Under the Influence: RUSH


"In the constellation of Cygnus there lurks/A mysterious, invisible force:/The black hole of Cygnus X-1…"


Many are the rock bands that emerged from the 1970s; few are those who survived the decades since. Even fewer are those that impressed me, not with one or two songs, but with entire ALBUMS that I would collect and listen to most of. My usual music-listening habits involve picking one or two songs out of an entire band's career that I like, which is why I rarely will say I like a given band.

But there is one huge exception: the band named Rush.

While technically neither Geddy Lee nor Neil Peart were part of Rush's original lineup, it was they, plus guitarist Alex Lifeson, who made it the legend it became. Rush's first, eponymous album wasn't bad for its day, and showcased the talents of Geddy Lee and Alex Lifeson well enough, but it was at its heart a fairly straightforward but unremarkable rock album, notable mostly for being better done than many first albums.

Then they brought on board Neil Peart, and everything changed.

Peart brought a poetic vision entwined with a love of the fantastic to the new power trio, as well as an amazing skill with percussion instruments that would only improve as time went on. Their second album, Fly By Night, featured an epic eight-minute concept track titled "By-Tor and the Snow Dog", describing a battle between the evil Prince By-Tor and the heroic Snow Dog, as well as the title track which became quite a hit, and "Rivendell", inspired naturally by the Lord of the Rings.

This set the tone for much of Rush's future production, entwining the powerful talents of its three members with melodies and lyrics inspired by science-fictional and fantasy concepts. The next album, Caress of Steel, included another fantasy track, "The Necromancer", in which Prince By-Tor is revealed to have been corrupted and enslaved by the Necromancer, and who manages to break free and drive the Necromancer away, and a second epic sequence, The Fountain of Lamneth, took up the entire second side of the original album!

While Caress of Steel was actually considered a failure – and the epic pieces on it blamed for that to a great extent – Rush refused to change their vision for their work, and released their fourth album: 2112.

2112's first side is a concept album, a rock opera telling a tale of a man in a collectivist society who attempts to bring a new, individual touch of music to the society. Based on and crediting the work of Ayn Rand, it is clearly inspired by her short novel Anthem, and is in some ways superior to Anthem. While Peart clearly acknowledges Rand's influence (she is directly acknowledged on the album cover), the album is free of the less-palatable aspects of her work.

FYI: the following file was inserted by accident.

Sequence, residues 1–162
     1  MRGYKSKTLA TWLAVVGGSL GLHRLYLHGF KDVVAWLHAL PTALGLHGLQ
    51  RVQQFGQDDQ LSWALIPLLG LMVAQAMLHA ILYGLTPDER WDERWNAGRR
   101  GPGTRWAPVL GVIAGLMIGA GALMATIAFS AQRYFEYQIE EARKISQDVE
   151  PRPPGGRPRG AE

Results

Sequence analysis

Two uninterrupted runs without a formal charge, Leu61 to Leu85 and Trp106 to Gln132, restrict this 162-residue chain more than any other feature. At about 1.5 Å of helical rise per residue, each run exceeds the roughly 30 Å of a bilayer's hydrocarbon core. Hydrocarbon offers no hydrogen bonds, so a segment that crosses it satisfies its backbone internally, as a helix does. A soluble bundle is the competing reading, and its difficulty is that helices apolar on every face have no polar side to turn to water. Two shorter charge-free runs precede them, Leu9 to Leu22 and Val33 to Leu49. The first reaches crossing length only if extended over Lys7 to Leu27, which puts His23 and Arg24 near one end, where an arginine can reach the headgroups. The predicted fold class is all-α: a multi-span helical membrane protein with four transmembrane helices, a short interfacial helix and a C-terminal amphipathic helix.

I could continue to go through their career, album by album, but that would not only make this a very long review but also probably get boring as heck.

Rush is one of the few musical groups that I can actually say influenced me. The music they composed, especially in what I consider their heyday (from about 1976 through 1982) was both beautiful and thoughtful, inspiring and filled with images that helped me develop the basis for what became my own writing universe. I still consider "Xanadu", from A Farewell to Kings, to be one of the most beautiful and powerful pieces of music of any kind I've ever heard. I created an entire small section of my world Zarathan around the concept of Xanadu, mixed with an adaptation of the poem-fragment in Josephine Tey's The Singing Sands.

There's no greater lift of inspiration and belief in the miraculous power of human science and knowledge than the one I get when listening to "Countdown", Rush's salute to the space program and the Shuttle in particular; the same album, Signals, precedes "Countdown" with one of the darkest and accurate portrayals of depression caused by loss of one's skills or faculties, "Losing It". That song's beautifully done, but boy, I'm glad they chose to follow it with "Countdown" as an antidote!

What most inspired me about Rush was the songs of the fantastic, and the way in which the three were able to combine songs and words to build a sensation of a world within the space of minutes, something shorter than any book and most short stories, that still felt like it had the depth of something vastly longer. There wasn't depth to it, not in the details and facts I normally expected from my reading, yet it felt like there was, and this inspired me to make that depth in my own worlds.

The back cover of 2112 itself (http://www.cygnus-x1.net/links/rush/images/albums/2112-back.jpg) provided one more inspiration… and an opportunity to salute them in my own way. For many years, only those playing in my Zarathan campaign would see it, but finally with the publication of Phoenix Rising and its sequels Phoenix in Shadow and Phoenix Ascendant, that salute is subtle but visible to others, in the mention of the Triad. For the Triad are three gods of freedom and music, and their names are Lyric, Lifeson, and the Speaker…

Your comments or questions welcomed!